Hindu Americans comprise one of the fastest growing populations in the United States. The Hindu American population currently numbers around 2 million, but this does not include the estimated 32 million others who derive inspiration from Hindu spirituality and practice Hindu teachings such as yoga and meditation. With growing numbers comes an increasing awareness of a place in American dialogue and with rising alarm Hindu Americans note the dichotomy between their perception of the faith they practice and the faith that is described in mainstream media. Too often, media coverage of Hinduism relies on stereotypical fallacies and the analyses of Hindu “experts” who are rarely practicing Hindus themselves and lack insight into the faith that comes from such practice.
The Hindu American Foundation (HAF) presents herein, some of the common omissions and oversights in media coverage of Hinduism. Each typical error, derived from actual references in print and broadcast media, is followed by elaborations and alternative suggestions in a collaborative effort to correct these inaccuracies. We sincerely hope these will be useful. Misrepresentations are not limited to this list. HAF remains available to actively assist in obtaining information pertaining to Hinduism, offering Hindu perspectives on contemporary issues and providing access to a vast network of well-respected Hindu spiritual leaders and academics.
Misrepresentation #1: Hindus are Polytheistic
“Hindus, for example, generally reject the idea of a vindictive god bringing destruction to the world, said Ariel Glucklich, an associate professor of theology at Georgetown University and a specialist in Hinduism. Krishna and other major gods who participate in human history are "always unfailingly on the side of good," he said.” (Washington Post, January 8, 2005)
There are three common errors in this report. Firstly, Hindus worship one Supreme Being through many different names. Different regional beliefs, traditions and languages have created what appear to be many Gods understood in distinct ways. All forms of life are sacred. The implication of a community of many equal “major gods” is inaccurate. The Vedas, the scriptures sacred to all Hindus, speak of “Ekam sat vipraha bahudha vadanti” (Truth is one; the wise call it by many names). Secondly, describing the Hindu perception of God with a small ‘g’ is insulting to most Hindus, just as it is rarely found in association with depictions of the Judeo-Christian God. Lastly, the Gods are rarely referred to by their first names; Hindus would preface “Krishna” with the word, “Lord” or “God” purely out of respect.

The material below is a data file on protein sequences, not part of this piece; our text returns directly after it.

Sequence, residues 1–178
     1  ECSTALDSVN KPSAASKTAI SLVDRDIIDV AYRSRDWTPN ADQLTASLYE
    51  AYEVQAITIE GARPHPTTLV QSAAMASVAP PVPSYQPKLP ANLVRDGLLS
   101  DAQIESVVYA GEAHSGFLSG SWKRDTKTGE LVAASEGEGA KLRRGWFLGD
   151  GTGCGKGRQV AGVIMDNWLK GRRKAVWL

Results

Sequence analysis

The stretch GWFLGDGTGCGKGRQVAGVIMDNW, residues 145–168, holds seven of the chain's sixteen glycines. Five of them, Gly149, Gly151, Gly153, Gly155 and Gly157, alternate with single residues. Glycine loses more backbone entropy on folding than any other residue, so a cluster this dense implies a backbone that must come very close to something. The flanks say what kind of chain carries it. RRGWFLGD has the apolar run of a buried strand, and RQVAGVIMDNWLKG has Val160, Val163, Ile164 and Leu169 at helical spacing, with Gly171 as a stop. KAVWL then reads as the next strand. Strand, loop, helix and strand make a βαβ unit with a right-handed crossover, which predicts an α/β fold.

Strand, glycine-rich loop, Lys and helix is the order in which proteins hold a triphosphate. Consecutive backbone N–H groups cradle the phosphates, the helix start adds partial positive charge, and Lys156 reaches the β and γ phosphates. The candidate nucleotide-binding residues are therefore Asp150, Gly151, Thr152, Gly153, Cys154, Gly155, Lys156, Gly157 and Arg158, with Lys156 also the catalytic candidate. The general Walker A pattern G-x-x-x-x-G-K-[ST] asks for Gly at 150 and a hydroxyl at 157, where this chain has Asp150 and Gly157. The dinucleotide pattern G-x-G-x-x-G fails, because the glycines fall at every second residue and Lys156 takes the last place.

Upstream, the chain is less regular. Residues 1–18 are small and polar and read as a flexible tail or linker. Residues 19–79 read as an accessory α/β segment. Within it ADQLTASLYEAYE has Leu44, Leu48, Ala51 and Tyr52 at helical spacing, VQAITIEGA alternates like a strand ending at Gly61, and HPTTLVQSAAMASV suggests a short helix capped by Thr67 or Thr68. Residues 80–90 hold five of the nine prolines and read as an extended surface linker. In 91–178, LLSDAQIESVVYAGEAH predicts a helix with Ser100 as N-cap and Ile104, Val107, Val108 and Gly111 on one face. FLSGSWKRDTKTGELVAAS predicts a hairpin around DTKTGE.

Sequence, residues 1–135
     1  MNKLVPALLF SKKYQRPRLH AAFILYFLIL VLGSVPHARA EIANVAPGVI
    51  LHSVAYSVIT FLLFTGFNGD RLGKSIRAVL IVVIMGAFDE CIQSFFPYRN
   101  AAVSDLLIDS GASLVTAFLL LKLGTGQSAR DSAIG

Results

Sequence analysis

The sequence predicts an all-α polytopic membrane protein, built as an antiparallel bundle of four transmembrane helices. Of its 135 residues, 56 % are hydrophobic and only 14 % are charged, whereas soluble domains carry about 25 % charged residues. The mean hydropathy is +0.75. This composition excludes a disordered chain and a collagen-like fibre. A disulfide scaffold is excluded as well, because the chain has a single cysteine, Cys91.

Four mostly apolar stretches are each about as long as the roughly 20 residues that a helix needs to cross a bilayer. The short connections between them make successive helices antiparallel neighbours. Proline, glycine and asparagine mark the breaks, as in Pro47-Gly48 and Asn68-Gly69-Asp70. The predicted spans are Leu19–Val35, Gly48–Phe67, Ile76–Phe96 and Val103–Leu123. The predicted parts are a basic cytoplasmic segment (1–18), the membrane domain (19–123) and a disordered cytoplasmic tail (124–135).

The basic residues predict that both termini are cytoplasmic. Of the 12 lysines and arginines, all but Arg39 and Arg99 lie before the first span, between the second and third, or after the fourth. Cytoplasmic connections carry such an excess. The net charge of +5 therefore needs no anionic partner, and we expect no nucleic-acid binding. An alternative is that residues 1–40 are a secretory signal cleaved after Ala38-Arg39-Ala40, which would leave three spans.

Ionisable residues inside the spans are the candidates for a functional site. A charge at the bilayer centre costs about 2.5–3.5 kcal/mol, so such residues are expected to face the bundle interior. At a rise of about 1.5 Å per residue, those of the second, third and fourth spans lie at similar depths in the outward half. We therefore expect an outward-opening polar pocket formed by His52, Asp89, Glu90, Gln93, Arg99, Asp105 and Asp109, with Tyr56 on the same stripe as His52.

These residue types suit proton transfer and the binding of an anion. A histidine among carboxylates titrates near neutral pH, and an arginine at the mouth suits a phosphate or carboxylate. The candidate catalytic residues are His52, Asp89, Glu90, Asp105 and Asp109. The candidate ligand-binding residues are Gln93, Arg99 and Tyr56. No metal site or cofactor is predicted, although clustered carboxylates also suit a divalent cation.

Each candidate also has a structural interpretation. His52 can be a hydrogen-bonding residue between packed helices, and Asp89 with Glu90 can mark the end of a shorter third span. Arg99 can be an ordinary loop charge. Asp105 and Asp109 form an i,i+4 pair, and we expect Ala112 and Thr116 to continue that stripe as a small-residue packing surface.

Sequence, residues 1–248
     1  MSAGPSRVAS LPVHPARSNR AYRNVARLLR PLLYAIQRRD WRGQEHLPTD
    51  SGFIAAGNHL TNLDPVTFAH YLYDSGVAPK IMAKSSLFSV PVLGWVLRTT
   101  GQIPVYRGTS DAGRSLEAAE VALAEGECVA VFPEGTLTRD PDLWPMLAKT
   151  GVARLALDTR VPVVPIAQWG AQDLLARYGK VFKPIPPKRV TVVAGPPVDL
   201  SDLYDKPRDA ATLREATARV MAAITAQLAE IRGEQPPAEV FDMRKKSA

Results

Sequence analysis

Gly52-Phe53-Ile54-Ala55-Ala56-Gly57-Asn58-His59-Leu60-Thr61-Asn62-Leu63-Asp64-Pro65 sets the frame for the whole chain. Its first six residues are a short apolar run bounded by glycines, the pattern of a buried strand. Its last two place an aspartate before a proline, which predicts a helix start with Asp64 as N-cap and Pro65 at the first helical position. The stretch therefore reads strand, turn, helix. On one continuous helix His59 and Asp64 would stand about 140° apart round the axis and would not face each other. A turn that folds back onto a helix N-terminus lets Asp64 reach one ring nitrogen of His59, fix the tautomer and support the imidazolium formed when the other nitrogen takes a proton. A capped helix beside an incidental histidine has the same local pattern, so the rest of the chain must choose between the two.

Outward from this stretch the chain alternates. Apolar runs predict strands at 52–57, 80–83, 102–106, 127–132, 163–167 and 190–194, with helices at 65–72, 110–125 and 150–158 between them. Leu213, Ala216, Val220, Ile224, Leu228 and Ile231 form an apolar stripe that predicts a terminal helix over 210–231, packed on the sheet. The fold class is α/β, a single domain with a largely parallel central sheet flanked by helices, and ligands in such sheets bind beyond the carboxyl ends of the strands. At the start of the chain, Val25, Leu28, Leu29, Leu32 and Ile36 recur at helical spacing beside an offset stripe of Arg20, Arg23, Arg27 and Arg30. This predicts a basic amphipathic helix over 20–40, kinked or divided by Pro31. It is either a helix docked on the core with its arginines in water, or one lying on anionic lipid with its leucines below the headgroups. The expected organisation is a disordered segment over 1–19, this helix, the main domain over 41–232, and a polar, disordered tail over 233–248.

Misrepresentation #2: Cow Worship
“Some trace cow worship back to Lord Krishna, who is said to have
first appeared as a cowherd and protector of cattle. Several other gods also
lived for a time as cows, and the animals remain a powerful symbol of the
religion.” (The Associated Press, May 14, 2005)
Although Hindus respect and honor the cow, they do not worship them in the same sense in which they worship God. Hindus considers all living things to be sacred, an attitude reflected in reverence for the cow.
In Hinduism, the cow is seen as a generous, ever-giving source, which takes nothing but that which is necessary for its own sustenance in return. Hindus treat the cow with the same respect accorded to the mother, as the cow is a vital sustainer of life, providing milk and a means of ploughing the earth to grow crops. The cow received such status as a result of the historical need of early agrarian Hindu civilization. The Rig Veda (4.28.1;6) recorded, “The cows have come and have brought us good fortune. In our stalls, contented may they stay! May they bring forth calves for us, many-colored, giving milk for Indra each day. You make, O cows, the think man sleek; to the unlovely you bring beauty. Rejoice our homestead with pleasant lowing. In our assemblies we laud your vigor.”
The cow thus represents Hindu values of selfless service, strength, dignity, and ahimsa, or non-violence. For this reason, although not all Hindus are vegetarian, they traditionally abstain from eating beef.
Misrepresentation #3: Holy Books